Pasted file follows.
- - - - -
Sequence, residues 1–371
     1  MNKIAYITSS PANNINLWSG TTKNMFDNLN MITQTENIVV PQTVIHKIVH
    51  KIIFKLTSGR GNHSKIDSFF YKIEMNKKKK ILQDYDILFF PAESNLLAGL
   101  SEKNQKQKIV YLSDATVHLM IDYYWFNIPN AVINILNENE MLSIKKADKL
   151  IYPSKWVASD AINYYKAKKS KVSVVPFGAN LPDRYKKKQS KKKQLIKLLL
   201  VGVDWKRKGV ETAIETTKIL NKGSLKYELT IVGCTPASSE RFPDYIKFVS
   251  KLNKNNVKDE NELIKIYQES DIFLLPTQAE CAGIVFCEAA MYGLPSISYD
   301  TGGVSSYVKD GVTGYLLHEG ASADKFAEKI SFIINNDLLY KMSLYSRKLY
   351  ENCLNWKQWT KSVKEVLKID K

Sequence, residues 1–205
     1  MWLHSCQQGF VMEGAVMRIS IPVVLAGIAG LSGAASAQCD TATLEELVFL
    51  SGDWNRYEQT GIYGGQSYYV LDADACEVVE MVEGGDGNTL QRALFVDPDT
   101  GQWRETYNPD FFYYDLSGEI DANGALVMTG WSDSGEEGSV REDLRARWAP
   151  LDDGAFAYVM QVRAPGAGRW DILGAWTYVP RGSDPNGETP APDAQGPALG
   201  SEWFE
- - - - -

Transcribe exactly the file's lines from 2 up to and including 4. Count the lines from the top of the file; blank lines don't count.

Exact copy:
     1  MNKIAYITSS PANNINLWSG TTKNMFDNLN MITQTENIVV PQTVIHKIVH
    51  KIIFKLTSGR GNHSKIDSFF YKIEMNKKKK ILQDYDILFF PAESNLLAGL
   101  SEKNQKQKIV YLSDATVHLM IDYYWFNIPN AVINILNENE MLSIKKADKL